- mode of transport;
- nature of entry details (imports and import clearances);
- import duty rates and amount of duty paid on goods cleared for Australian consumption (import clearances); and
- nature of tariff (import clearances) for import clearances to distinguish between goods entered as normal (N), government (G), reduced (R) and confidential (C).
The Classifications used to compile and output Merchandise Imports are:
- the Harmonised Commodity Description and Coding System, known as the Harmonized System (HS);
- for statistics published from July 2008, the Standard International Trade Classification (SITC) Rev4 was used and data on this basis was backcast to July 2005. Publications prior to July 2008 use SITC Rev3;
- the Broad Economic Categories (BEC) Classification; and
- for statistics published from July 2009, the Australian and New Zealand Standard Industrial Classification (ANZSIC) 2006 was used and data on this basis was backcast to July 2005. Publications prior to July 2009 use ANZSIC 1993.
Other concepts (summary)
Imports are recorded statistically in the calendar month in which the import entries are finalised by Customs.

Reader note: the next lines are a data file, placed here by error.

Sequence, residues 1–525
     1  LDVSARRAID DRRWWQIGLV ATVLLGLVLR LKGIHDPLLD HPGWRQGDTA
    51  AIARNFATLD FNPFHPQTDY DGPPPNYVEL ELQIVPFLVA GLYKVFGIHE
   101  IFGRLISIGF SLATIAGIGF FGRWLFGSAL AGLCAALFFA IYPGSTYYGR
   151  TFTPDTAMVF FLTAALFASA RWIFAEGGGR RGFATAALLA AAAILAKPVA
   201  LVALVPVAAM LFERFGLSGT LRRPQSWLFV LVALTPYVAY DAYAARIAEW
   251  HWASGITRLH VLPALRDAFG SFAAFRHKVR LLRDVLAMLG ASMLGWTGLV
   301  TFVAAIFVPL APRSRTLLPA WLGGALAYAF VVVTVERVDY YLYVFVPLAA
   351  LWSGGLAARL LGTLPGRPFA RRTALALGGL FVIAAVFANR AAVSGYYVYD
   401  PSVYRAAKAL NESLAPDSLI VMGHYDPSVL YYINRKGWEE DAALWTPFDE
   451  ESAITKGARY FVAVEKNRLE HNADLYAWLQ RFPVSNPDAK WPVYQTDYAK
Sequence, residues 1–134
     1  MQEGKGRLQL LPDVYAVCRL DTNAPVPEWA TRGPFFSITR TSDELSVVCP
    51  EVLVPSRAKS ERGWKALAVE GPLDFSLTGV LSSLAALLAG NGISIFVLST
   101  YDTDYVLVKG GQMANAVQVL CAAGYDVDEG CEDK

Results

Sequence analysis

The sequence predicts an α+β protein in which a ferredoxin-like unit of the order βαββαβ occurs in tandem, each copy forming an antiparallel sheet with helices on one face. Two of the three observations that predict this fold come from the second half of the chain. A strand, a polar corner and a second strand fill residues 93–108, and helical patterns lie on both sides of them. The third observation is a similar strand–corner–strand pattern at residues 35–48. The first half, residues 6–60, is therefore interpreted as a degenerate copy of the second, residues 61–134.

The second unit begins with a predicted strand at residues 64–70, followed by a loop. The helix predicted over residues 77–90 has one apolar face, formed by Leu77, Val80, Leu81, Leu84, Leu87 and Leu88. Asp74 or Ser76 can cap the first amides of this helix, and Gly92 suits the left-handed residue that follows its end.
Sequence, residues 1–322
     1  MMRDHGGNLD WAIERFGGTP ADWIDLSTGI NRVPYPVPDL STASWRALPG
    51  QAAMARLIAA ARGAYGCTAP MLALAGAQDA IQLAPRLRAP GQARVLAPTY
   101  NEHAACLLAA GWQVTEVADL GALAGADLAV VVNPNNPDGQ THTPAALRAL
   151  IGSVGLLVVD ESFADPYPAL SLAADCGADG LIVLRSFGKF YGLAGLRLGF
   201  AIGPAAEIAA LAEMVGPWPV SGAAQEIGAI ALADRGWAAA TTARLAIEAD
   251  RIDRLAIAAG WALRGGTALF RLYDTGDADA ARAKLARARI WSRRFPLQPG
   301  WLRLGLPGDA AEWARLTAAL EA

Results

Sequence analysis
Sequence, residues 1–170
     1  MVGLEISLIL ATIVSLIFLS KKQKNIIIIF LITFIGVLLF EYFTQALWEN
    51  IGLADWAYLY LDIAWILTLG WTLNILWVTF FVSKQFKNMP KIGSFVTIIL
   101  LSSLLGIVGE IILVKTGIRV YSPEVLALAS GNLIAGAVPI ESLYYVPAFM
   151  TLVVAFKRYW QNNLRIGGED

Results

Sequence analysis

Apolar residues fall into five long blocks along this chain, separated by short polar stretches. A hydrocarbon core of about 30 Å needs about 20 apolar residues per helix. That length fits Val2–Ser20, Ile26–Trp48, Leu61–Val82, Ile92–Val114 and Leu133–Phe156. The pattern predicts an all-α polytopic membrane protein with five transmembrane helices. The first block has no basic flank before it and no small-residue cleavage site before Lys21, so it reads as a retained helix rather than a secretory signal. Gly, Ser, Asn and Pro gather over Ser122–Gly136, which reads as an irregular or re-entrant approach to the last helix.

New South Wales
Comments and/or Other Regions
Statistics are compiled for all Australian states and territories as well as for total Australia. Data are cross classified by country of origin for imports.
Data published on 12th working day of each month.
Before Federation, each Australian state recorded its trade independently and the only available means of ascertaining the total trade of Australia for those years is by aggregating the records of the States. However, figures for commodity data are not available in a viable form before Federation.
After Federation, and the passing of the Census and Statistics Act, the Statistician was empowered to collect, at least annually, statistics in relation to imports and exports.
Data availability comments
- International Merchandise Imports, Australia (ABS. Cat. No. 5439.0) - monthly
- International Trade in Goods and Services, Australia (ABS. Cat. No. 5368.0) - monthly
- Information Consultancy - Contact 02 6252 5358.
DATE OF LAST UPDATE FOR THIS DOCUMENT
07/03/2011 01:58 PM
This page last updated 14 April 2011